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I'm making an application using a dependency tree parser. Actually, the parser is this one: Parser Stanford, but it rarely change one or two letters of some words in a sentence that I want to parse. This is a big trouble for me, because I can't see any pattern in these changes and I need the dependency tree with the same words of my sentence.

All I can see is that just some words have these problems. I'm working with a tweets database. So, I have a lot of grammar mistakes in this data. For example the hashtag '#AllAmericanhumour ' becomes AllAmericanhumor. It misses one letter(u).

Is there anything I can do to solve this problem? In my first view I thought using an edit distance algorithm, but I think that might be an easier way to do it.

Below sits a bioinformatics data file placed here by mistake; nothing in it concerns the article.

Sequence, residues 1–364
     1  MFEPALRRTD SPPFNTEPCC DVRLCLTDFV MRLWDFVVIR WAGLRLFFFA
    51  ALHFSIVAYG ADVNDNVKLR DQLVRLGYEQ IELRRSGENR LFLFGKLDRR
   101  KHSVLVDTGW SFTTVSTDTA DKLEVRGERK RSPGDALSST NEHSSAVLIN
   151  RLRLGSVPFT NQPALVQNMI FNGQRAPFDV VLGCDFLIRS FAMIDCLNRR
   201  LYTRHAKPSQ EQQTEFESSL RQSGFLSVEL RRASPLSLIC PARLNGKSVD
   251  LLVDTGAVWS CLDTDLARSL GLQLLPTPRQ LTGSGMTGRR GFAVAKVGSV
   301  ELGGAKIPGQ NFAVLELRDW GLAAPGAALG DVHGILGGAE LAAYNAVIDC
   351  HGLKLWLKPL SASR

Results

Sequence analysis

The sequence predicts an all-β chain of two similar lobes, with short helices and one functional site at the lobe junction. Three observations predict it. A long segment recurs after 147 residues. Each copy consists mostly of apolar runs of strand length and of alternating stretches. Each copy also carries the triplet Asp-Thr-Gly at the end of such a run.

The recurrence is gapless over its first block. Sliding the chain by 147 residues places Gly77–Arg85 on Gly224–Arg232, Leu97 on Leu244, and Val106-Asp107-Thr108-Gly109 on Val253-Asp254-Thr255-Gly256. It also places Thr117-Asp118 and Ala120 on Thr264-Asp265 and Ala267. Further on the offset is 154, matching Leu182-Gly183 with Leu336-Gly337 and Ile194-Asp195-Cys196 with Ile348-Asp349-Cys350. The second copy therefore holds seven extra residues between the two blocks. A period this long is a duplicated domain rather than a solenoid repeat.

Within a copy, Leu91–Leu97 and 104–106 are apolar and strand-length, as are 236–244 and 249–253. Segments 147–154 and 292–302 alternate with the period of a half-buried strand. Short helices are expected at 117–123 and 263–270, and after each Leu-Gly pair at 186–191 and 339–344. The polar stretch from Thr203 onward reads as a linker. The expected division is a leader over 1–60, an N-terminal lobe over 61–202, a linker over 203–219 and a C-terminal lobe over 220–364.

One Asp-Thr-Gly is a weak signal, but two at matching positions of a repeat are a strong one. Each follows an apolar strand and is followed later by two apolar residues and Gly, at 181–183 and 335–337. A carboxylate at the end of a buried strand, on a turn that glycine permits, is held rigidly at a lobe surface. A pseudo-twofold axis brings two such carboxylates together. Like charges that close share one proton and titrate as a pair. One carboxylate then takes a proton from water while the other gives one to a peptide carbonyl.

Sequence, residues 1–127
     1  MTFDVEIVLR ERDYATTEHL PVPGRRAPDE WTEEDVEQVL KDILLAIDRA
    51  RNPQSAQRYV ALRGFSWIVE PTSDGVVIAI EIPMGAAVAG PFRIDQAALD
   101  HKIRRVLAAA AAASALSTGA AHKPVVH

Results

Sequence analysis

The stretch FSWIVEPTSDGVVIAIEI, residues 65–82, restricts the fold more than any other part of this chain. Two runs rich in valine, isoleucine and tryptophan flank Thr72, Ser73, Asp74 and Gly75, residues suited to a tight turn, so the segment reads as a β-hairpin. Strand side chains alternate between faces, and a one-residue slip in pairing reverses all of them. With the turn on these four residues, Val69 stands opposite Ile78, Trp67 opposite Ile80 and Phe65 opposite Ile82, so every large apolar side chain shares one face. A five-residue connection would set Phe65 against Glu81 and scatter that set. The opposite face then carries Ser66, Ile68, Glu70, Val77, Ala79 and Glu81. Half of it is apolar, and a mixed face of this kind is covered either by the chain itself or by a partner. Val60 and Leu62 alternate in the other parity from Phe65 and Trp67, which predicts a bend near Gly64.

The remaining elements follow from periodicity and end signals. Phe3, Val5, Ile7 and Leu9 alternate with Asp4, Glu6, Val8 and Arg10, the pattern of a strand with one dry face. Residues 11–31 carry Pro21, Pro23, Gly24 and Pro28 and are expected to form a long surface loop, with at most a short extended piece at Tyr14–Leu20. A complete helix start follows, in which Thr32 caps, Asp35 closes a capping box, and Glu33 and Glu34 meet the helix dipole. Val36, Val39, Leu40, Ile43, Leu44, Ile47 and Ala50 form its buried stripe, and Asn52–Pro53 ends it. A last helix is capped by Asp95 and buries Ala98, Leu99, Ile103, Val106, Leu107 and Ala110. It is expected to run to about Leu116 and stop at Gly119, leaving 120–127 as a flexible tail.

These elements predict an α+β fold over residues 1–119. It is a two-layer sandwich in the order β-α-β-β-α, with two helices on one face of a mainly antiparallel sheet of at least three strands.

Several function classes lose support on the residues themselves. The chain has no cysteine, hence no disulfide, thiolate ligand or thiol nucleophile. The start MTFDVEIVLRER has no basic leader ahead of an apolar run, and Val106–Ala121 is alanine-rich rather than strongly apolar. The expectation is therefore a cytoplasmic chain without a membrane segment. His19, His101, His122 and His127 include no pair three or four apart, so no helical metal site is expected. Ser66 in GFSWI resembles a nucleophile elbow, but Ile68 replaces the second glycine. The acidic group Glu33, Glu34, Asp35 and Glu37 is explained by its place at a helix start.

Thanks everybody in advance

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up vote 1 down vote accepted

You can give options to the tokenizer with the -tokenize.options flag/property. For this particular normalization, you can turn it off with

-tokenize.options americanize=false

There are also various other normalizations that you can turn off (see PTBTokenizer or http://nlp.stanford.edu/software/tokenizer.shtml. You can turn off a lot with

-tokenize.options ptb3Escaping=false

However, the parser is trained on data that looks like the output of ptb3Escaping=true and so will tend to degrade in performance if used with unnormalized tokens. So, you may want to consider alternative strategies.

If you're working at the Java level, you can look at the word tokens, which are actually Maps, and they have various keys. OriginalTextAnnotation will give you the unnormalized token, even when it has been normalized. CharacterOffsetBeginAnnotation and CharacterOffsetEndAnnotation will map to character offsets into the text.

p.s. And you should accept some answers :-).

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